An ordinary event occurred at work today. A meeting request arrived in my Inbox this afternoon. There was no indication of a conflict, so I accepted the invitation. But something inside of me said that I needed to check my calendar for the rest of the week. I did. Only to find that there was very little time during the next few days that was not already scheduled for me.
The anxiety started to creep in as I thought about the deadlines hurdling toward me. As if my schedule for the next couple of days did not turn up the heat enough I decided to peek at my calendar for next week. Different names and meeting titles appeared in the time slots, but the same volume of meetings and calls showed on my agenda for the coming week. I thought about all that I needed to do. I wondered how I would get everything done.
As I pondered my situation, I moved my mouse cursor to open one of the requests to see more details about that particular meeting. Instead of opening the meeting request I accidentally changed the view of my calendar. At that point I only saw my schedule for today, not for the entire week. When I only looked at a day rather than a week, a sense of calm flowed over me. As the saying goes, I could not see the trees for looking at the forest. My obligations did not change, but how I saw them did. I had a new perspective.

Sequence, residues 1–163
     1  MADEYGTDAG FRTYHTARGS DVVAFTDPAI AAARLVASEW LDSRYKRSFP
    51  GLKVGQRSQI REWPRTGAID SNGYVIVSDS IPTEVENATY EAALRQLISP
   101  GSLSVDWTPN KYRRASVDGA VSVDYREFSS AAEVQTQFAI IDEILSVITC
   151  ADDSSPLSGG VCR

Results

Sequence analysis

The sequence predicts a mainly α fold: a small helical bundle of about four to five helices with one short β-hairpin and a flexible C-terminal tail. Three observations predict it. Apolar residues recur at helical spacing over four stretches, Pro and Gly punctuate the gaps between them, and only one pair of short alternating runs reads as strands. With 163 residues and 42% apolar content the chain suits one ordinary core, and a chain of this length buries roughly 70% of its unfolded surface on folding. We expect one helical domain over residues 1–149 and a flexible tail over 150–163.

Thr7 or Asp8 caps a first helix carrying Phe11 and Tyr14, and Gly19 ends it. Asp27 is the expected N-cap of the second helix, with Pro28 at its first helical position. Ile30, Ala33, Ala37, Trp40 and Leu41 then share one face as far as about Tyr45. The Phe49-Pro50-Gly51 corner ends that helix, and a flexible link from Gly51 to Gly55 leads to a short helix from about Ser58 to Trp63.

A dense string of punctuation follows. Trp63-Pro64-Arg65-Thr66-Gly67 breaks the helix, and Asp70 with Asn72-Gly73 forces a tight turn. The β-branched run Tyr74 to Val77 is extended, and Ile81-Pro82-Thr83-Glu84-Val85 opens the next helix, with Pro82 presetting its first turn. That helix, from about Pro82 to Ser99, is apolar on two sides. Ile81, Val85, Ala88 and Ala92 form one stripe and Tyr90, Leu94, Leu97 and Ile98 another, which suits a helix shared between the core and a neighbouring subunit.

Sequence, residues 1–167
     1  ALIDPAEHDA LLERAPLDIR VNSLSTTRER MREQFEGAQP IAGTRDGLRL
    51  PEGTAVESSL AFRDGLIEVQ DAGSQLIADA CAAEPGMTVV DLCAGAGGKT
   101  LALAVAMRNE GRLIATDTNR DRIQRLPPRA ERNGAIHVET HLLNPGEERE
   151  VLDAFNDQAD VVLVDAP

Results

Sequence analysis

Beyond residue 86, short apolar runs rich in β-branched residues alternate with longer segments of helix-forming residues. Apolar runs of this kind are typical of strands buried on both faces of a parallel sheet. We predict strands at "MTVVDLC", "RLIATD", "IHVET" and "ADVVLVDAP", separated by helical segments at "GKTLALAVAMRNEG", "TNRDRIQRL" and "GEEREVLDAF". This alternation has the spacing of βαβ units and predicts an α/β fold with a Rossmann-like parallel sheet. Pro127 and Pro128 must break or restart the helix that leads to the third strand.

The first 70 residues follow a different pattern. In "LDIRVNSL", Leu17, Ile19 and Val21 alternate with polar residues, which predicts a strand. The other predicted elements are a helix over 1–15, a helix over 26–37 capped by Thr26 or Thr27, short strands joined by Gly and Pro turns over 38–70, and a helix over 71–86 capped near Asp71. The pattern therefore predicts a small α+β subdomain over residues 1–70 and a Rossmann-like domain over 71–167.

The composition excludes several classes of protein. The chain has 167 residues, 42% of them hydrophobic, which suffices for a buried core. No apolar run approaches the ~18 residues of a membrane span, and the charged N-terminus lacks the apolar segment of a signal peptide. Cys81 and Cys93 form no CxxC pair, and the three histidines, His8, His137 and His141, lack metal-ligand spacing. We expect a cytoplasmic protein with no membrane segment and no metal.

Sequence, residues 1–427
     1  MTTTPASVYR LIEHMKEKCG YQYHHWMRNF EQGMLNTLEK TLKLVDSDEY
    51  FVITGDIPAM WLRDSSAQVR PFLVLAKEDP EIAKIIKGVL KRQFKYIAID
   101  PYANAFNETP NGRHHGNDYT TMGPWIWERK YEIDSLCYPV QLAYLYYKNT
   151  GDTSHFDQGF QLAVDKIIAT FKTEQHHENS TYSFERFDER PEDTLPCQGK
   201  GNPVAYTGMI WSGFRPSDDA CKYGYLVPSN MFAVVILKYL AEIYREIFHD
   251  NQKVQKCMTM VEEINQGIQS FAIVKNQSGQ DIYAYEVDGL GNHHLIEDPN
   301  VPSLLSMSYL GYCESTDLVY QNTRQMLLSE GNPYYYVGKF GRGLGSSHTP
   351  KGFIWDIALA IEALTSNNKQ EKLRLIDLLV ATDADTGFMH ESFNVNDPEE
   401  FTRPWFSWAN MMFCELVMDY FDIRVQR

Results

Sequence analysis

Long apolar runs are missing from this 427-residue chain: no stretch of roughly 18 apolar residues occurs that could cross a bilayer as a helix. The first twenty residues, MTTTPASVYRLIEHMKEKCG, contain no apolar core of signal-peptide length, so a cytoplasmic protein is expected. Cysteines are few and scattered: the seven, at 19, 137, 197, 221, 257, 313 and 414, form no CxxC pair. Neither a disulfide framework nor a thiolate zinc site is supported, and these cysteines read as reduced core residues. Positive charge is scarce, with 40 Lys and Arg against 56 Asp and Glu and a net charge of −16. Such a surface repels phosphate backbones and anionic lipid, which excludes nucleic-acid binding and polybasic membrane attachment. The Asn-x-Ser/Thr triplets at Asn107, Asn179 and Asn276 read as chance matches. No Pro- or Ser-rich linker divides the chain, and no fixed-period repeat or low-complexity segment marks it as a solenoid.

I sometimes get a bit intimidated when I try to tackle a large task without looking at the smaller components that are a part of the bigger picture. Life can be like that. We sometimes go through periods where we encounter challenge after challenge. After awhile we start to see one big problem. If we try to address the one big problem we may fail, because we have not dealt with the smaller issues that are a part of it. Even challenges that seem impossible to overcome may look more resoluble when we break them down into smaller pieces.
I’m learning to pick one piece of a task or problem at a time and focus on it rather than looking at the matter as a whole and panicking. When that part is completed, I move on to the next piece and handle it. The reality is that I make more progress and accomplish more when when I focus on and deal with one thing at a time.
Yes, we need to be able to visualize the big picture, but the big picture should not keep us from seeing the little pieces that make up the whole. Is there a task or challenge in your life that is overwhelming you by its size? Perhaps breaking it into smaller parts can help you shift from “I can’t possibly to this” to “Yes, I see a way to accomplish this.” After all, pretty much anything that we do in life is like walking. We have to take one step at a time.
“One may walk over the highest mountain one step at a time.” – John Wanamaker
See. Live. Enjoy.